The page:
Severe neonatal hyperbilirubinemia, defined as total serum bilirubin (TSB) ≥20 mg/dl, is associated with a higher risk of permanent neurological sequelae and death. Jaundice can and should be promptly diagnosed and treated. Reliable methods for TSB assay are not always readily available, particularly in low- and middle-income countries, making the true incidence of severe neonatal jaundice (NNJ) difficult to estimate. To gather a more comprehensive picture, a symposium addressing NNJ worldwide was organized during the 2015 Don Ostrow Trieste Yellow Retreat. Data collected by several researchers in different regions of the world were presented and differences/similarities discussed. This report points out the need for: (1) a coordinated worldwide effort to define the burden and the causes of severe NNJ and its consequences; (2) aggressive educational programs for families and health personnel to facilitate timely care-seeking, and (3) accurate diagnostics and effective phototherapy.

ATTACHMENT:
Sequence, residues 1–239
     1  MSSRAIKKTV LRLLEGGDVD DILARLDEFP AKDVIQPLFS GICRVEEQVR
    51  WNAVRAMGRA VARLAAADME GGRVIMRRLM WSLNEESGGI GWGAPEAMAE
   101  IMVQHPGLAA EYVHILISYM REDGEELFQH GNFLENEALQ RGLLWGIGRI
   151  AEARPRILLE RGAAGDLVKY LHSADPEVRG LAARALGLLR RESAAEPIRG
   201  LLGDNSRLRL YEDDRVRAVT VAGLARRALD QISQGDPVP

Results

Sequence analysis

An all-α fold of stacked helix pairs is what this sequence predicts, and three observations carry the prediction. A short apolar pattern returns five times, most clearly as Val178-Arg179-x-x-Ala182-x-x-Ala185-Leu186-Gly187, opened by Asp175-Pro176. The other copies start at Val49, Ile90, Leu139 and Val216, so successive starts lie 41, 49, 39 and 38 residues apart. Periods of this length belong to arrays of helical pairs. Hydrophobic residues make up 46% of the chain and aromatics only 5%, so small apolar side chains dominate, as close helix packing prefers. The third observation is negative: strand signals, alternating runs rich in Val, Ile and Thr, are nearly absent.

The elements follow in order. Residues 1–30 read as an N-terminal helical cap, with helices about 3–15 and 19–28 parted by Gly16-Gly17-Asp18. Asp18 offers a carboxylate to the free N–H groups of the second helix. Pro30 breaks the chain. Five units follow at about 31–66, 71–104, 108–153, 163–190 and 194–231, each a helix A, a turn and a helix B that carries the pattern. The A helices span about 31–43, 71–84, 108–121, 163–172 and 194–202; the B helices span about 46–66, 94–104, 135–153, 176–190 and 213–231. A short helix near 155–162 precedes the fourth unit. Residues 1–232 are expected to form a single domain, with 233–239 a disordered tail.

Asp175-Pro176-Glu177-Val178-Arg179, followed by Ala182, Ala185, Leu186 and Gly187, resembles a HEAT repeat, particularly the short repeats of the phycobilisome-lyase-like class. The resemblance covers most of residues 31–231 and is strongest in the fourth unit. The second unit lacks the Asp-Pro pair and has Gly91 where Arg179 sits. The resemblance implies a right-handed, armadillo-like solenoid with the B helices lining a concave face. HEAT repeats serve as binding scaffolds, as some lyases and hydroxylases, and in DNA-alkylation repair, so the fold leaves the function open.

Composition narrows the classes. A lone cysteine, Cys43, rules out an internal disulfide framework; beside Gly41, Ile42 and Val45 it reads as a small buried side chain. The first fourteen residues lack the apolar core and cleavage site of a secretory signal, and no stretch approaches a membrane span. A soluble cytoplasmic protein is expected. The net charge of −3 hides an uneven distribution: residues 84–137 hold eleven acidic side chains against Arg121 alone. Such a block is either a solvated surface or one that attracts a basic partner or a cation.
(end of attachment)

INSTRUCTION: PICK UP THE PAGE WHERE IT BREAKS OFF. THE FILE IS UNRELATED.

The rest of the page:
- neonatal jaundice
- severe hyperbilirubinemia
- acute bilirubin encephalopathy
- low- and middle-income countries
Greco, C., Arnolda, G., Zabetta, C. D. C., Boo, N-Y., Iskander, I. F., Okolo, A. A., ... Tiribelli, C. (2016). Neonatal jaundice in low- and middle-income countries: lessons and future directions from the 2015 Don Ostrow Trieste Yellow Retreat. Neonatology, 110(3), 172-180. https://doi.org/10.1159/000445708